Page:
This article by Dave Borrelli is part of our Blogtober event, which features blog posts written by industry influencers in support of Breast Cancer Awareness Month.
“Sales enablement” is a term many people, especially those who aren’t in sales, aren’t familiar with. It’s “a collection of tasks and tools that are intended to improve the execution of key sales activities—activities like making sales calls, pursuing opportunities, managing major accounts, and targeting top prospects.” While Canadian companies may approach sales enablement in different ways, there’s one thing common to most of them: a burning need for more people who can make it their top priority.
Check LinkedIn or any of the popular recruitment sites and you’ll see hundreds of jobs across the country that have “sales enablement” listed somewhere in the posting. It may be in the title, the description, or in the list of qualifications. This is likely because, particularly in business-to-business (B2B) environments, sales enablement is a critical step in nurturing prospects and converting leads into buyers.
Given the fact that Canada is largely a country of small- and medium-sized businesses, sales enablement may occasionally be less a defined role for one person than a responsibility spread across a team. If you’re not sure where to get started, there are plenty of resources to help, including a few we’ve curated for you. They all point to some core, sure-fire strategies.
Sales Enablement Starts With A Strong CRM
You might expect a company like Salesforce to link CRM and sales enablement, but don’t take our word for it. According to Peter Ostrow, an analyst at the research firm Aberdeen, there is a real difference between companies that reduce or simply maintain the level of sales enablement content in their CRM system, and those he calls “CRM expanders.” Writing on his company’s blog, he shares the following statistics reported by CRM expanders:
- 52 per cent more proposals, quotes, or RFP responses delivered to customers and prospects (14.25 per sales rep, per month, versus 9.40)
- 32 per cent higher overall team attainment of sales quota (62 per cent versus 47 per cent)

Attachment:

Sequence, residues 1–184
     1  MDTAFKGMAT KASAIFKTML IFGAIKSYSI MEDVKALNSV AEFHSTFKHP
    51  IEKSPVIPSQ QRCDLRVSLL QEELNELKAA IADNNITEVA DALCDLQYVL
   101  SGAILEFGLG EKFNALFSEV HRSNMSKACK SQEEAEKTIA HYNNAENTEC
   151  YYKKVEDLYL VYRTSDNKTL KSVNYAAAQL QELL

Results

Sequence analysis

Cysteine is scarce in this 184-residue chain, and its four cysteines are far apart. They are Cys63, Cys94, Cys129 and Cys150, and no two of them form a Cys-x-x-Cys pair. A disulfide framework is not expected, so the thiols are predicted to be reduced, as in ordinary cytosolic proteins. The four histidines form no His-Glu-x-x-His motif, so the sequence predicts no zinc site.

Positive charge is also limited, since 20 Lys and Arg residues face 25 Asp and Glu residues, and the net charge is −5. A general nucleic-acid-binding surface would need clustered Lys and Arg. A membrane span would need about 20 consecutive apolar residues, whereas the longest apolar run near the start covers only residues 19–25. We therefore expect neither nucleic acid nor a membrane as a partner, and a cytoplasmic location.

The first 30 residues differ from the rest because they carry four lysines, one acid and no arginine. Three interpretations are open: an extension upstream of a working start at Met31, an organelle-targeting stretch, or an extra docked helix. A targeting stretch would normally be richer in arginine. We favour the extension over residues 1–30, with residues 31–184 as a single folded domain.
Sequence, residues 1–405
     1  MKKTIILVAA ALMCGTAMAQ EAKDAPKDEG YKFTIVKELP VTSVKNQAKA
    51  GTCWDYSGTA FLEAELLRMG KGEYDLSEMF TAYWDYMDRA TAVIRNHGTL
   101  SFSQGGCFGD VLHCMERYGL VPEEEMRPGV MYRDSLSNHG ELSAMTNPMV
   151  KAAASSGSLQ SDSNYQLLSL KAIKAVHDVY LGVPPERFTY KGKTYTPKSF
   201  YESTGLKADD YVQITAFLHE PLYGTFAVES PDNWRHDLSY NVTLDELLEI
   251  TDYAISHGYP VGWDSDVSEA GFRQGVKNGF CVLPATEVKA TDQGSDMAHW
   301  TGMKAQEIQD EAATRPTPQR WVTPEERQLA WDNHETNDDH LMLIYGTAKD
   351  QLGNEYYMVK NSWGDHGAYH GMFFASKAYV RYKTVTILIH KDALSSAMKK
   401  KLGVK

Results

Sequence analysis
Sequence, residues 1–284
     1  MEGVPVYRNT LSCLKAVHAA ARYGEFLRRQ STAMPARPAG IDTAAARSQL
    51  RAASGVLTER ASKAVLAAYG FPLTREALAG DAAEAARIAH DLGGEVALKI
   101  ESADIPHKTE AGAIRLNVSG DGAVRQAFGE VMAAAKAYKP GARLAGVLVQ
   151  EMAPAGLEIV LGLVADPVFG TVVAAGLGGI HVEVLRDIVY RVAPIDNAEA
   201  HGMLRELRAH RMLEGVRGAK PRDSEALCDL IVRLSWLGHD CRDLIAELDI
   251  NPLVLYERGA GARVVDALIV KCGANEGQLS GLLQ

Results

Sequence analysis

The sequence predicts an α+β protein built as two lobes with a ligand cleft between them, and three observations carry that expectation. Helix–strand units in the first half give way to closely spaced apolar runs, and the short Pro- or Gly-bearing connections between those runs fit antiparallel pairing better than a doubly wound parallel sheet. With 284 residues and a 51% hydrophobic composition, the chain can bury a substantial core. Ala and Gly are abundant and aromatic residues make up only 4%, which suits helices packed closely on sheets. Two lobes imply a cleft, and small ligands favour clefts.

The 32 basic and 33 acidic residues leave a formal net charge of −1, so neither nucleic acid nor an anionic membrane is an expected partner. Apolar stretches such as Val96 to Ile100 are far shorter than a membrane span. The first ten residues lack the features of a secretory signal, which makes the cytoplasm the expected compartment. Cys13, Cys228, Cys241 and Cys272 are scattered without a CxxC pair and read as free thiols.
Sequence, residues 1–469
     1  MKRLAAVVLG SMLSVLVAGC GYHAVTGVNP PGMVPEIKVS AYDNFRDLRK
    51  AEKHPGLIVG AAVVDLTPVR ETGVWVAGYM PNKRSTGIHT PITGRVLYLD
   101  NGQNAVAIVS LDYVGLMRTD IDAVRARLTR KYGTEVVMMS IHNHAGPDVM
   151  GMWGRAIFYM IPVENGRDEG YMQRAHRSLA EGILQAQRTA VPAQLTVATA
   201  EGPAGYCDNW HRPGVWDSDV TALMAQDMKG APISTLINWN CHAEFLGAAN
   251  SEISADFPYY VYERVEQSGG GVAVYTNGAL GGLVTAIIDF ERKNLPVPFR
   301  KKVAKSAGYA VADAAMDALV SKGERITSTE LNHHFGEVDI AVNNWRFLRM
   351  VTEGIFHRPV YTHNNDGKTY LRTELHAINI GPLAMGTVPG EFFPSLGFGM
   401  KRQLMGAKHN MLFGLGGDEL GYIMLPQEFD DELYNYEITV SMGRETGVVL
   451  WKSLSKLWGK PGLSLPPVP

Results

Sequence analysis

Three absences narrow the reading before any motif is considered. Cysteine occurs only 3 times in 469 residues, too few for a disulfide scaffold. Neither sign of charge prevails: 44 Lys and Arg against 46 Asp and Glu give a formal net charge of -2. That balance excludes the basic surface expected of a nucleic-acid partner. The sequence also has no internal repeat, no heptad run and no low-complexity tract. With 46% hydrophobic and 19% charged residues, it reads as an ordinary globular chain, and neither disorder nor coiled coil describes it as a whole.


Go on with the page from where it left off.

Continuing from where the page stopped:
- 24 per cent more sales reps achieving individual quota (56 per cent versus 45 per cent)
- 23 per cent higher lead conversion rate (33 per cent versus 27 per cent)
- 11 per cent more quotes resulting in orders (41 per cent versus 37 per cent)
When CRM is leveraged fully, its potential for contributing to sales enablement increases exponentially.
Sales Enablement Grows With The Right Skill Set
This summer, the Association for Talent Development produced The ADT World-Class Sales Competency Model, which included a look at the areas of expertise required for sales enablement. The main five included talent selection, talent development, tool and process improvement, sales coaching and sales incentive/compensations design.
“On one hand, there are sales enablement specialists (sales coaches, sales recruiters, sales compensation analysts, CRM administrators, and so forth),” Roxy Torres, manager of the ADT’s Sales Enablement Community, wrote. “On the other hand, there are sales enablement generalists, who despite dabbling more on some sales enablement areas of expertise than others, poses a general awareness of all the sales enablement areas of expertise and leverages that awareness to bring a more well-rounded approach to their role.”
In other words, encourage all members of your staff to develop areas of expertise in sales enablement that make the most sense for their jobs, their levels of experience, and the needs of the company.
Sales Enablement Thrives When Marketers Think Long Term
Even if you live and work in Canada, you can access a global range of experts by tuning into the Sales Enablement Lab podcast. A recent episode featured an interview with Forrester analyst Peter O’Neill. He suggested that in the future, sales enablement will become a job that’s integrated into all the work that’s being done by B2B marketers, whether it’s content management, demand management, channel enablement, or another job function.
The important thing, according to O’Neill, is to think of sales enablement as a strategy, not just a set of training modules. “Step back and think about the role of sales in the future,” he said. “Consider what kinds of salespeople you’re going to need against the buyer archetypes your company is looking to for its revenue growth.”
Go beyond mere segmentation and customer personas and talk to real buyers as often as possible. That will ensure that the information entered into your CRM will be accurate, relevant, and actionable for your sales team.
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